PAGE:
How Much Is Enough For Tom Moore And GFPS Administrators?

Tom Moore, the Superintendent of Schools for GFPS, pockets a cool $160,000 a year — not including a robust benefits package.

His predecessor, Tammy Lacey, never made annually in her tenure what Moore makes now.

(Incidentally, has Moore accomplished anything close to what Lacey ever did? Does GFPS believe in equal pay? Is the School Board sexist? The District loves to parrot the talking point that it is “always cutting”. How, then, was increasing Moore’s salary from Lacey’s an example of “cutting”? But I digress …)

The fact is, Moore and his poo-bah’s on The Hill are relentlessly committed to fattening their already considerable salaries at a time in which a global pandemic has plunged so much of the community into financial uncertainty, if not total ruin, by pushing yet another school levy.

We all know of someone who has recently lost their job. How sympathetic are Moore and Co. to this grim reality? Well, they want a raise, of course. And they want you to pay for it.

And it’s not just Moore who stands to get richer. Take a look at the other salaries of GFPS administrators:

As superintendent, the buck ultimately stops with Moore. Policy — as finally enacted by the Rubber Stamp School Board — is always driven from the top.

When asked by a constituent about the timing of pursuing yet another permanent tax increase on the public despite historic unemployment, Moore wrote to her:

Thank you Jeni for your input. We have discussed the pros and cons of continuing to move forward with the Levy. We are sensitive to the current economic situation in the US and locally. The financial needs of the district to provide a high quality education for our children have not diminished with the recent events related to COVID-19. If anything, the needs of our children and teachers will be even greater when school resumes. Your concerns have been noted.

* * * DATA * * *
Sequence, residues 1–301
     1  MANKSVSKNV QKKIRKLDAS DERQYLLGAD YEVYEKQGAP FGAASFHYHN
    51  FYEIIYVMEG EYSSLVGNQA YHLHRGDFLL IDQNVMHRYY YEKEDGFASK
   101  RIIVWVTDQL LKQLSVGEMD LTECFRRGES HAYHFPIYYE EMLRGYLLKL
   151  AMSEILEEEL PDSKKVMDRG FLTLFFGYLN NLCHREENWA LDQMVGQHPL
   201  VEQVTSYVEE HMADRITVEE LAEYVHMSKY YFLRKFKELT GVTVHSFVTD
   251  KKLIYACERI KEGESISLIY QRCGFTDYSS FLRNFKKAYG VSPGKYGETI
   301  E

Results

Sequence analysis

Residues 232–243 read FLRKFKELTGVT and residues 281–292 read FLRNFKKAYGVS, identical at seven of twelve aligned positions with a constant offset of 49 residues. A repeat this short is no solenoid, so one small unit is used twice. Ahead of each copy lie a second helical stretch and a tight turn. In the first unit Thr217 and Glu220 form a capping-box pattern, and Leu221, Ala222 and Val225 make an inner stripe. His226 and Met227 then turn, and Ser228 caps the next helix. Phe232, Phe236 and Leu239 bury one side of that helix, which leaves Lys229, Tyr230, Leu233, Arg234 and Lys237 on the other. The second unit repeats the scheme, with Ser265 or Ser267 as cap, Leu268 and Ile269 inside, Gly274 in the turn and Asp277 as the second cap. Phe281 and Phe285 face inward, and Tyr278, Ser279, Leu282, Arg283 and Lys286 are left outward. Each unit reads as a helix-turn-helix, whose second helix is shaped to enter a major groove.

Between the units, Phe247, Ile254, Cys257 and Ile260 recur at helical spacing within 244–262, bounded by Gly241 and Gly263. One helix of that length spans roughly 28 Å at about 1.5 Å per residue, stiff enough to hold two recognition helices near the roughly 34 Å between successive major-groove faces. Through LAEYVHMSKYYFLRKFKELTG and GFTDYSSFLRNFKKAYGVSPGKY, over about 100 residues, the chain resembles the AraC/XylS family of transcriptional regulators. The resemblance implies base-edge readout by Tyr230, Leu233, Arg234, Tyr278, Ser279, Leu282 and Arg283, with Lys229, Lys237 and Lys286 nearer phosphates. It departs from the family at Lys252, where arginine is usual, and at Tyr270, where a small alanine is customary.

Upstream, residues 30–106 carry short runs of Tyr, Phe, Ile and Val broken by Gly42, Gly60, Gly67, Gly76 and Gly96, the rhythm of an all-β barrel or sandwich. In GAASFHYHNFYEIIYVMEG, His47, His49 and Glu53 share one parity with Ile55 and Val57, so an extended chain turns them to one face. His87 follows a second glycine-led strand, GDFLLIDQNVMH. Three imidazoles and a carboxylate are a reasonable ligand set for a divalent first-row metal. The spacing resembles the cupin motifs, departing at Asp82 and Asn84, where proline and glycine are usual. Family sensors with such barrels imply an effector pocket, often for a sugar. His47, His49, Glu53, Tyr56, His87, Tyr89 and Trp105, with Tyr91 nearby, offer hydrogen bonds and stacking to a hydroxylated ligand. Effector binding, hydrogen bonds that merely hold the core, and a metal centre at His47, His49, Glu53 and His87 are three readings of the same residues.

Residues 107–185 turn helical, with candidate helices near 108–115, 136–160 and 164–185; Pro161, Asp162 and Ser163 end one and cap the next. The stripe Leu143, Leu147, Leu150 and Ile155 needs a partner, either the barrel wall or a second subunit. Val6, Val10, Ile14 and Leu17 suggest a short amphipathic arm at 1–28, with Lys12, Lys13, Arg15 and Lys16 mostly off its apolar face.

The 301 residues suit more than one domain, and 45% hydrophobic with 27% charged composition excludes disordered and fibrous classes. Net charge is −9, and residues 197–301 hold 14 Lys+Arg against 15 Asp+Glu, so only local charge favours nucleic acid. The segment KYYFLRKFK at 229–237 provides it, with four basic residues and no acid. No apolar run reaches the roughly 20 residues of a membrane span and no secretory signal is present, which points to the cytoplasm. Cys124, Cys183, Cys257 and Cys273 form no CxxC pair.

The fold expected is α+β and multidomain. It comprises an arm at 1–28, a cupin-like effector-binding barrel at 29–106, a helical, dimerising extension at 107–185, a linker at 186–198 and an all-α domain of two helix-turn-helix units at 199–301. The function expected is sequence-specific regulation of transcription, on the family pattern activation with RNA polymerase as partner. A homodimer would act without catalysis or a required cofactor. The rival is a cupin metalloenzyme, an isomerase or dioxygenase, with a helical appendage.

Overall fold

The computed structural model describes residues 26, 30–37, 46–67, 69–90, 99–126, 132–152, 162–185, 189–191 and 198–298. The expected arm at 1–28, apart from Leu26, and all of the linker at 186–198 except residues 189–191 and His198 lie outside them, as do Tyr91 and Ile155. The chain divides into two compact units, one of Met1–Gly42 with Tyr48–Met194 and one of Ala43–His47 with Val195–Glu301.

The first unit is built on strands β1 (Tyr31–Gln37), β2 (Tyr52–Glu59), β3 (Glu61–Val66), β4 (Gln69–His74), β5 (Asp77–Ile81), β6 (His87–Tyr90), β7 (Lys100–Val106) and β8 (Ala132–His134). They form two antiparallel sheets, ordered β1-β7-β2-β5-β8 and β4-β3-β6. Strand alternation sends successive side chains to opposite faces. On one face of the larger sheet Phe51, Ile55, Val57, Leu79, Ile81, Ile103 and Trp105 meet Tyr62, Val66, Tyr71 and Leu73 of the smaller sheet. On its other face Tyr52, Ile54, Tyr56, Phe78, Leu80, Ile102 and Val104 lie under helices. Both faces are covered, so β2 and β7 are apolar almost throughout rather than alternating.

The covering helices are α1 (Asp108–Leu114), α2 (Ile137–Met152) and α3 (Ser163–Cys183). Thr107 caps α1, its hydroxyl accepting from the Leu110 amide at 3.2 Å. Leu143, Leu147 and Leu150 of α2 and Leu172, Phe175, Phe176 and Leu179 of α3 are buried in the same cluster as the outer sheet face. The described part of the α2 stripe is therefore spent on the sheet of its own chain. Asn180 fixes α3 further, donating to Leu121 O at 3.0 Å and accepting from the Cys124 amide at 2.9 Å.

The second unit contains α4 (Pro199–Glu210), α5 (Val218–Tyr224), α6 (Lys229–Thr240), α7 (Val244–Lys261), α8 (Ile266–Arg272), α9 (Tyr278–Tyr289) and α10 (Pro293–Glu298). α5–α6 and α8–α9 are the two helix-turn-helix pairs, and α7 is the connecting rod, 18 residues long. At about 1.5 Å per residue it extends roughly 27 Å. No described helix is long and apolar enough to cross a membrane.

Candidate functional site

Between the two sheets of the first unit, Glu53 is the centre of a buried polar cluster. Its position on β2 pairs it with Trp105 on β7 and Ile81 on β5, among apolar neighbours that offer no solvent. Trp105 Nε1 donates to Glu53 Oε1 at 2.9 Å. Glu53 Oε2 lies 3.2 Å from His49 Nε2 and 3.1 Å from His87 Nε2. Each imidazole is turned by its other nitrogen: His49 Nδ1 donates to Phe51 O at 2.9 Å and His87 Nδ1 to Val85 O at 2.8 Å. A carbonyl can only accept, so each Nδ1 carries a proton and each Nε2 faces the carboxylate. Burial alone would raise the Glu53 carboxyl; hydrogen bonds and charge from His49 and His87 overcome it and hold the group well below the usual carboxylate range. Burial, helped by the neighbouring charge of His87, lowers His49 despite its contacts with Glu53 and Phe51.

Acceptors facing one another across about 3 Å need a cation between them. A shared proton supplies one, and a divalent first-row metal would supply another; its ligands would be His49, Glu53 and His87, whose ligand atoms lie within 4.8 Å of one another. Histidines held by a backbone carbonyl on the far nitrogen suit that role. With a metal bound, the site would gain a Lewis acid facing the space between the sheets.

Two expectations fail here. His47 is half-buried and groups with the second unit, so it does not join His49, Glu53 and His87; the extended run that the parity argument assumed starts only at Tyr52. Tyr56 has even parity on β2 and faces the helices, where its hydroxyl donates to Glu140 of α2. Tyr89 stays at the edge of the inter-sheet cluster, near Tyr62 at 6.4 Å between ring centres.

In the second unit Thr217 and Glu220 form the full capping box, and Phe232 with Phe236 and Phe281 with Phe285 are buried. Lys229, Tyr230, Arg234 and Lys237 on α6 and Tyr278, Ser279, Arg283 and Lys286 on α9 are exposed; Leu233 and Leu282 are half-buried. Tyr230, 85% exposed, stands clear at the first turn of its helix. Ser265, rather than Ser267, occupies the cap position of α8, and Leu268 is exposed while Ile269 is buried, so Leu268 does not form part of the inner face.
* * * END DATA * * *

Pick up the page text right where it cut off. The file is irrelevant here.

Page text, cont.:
Thomas G. Moore Superintendent


What Moore and the School District are doing is decidely insensitive.

It is wrong.

And it is greed of the highest order.

Philip M. Faccenda
Philip M. Faccenda
Philip M. Faccenda is an AIA award-winning architect and planner. He is the Editor-in-Chief of E-City Beat.


  1. I would like to know how much money the district is saving since learning has gone online. Certainly not running buses for school and especially sporting events had to have saved a lot of money. And heating and water bills should be less. Also the support staff and other personnel costs should be down as well. Perhaps someone could put those numbers together. If there are no spring sports, do coaches still receive their pay?

  2. What are the salaries of the superintendents for the the other big cities in Montana, like Billings, Bozeman, Missoula, etc?

    It would seem logical that comparison to the same jobs in similar Montana cities would be the true determining factor of whether or not Mr. Moore’s is excessive or not.

    • Helena – $163,000 (2018) Population 8,065. $20.21 per student
      Billings – $170,000(2019) Population 16,644. $10.21 per student
      Bozeman – $165,000(2019) Population 7,205. $22.90 per student
      Missoula – $180,000(2019) Population 8,959. $20.09 per student
      Great Falls – $160,000(2020) Population 10,157 $15.75 per student

      If the people who wrote this blog were smart enough to look at the facts, and present the whole story, like journalists do, you would see that GFPS is the second largest school district in the state, and Tom Moore is paid less than the majority of the other superintendents in the state. All I have to say is vote yes on the levy, because we need it!

  3. When Great Falls has the lost budget for a AAA school in the state and it is the third largest, I assume the previous commenters have not attended board meetings or invest igated


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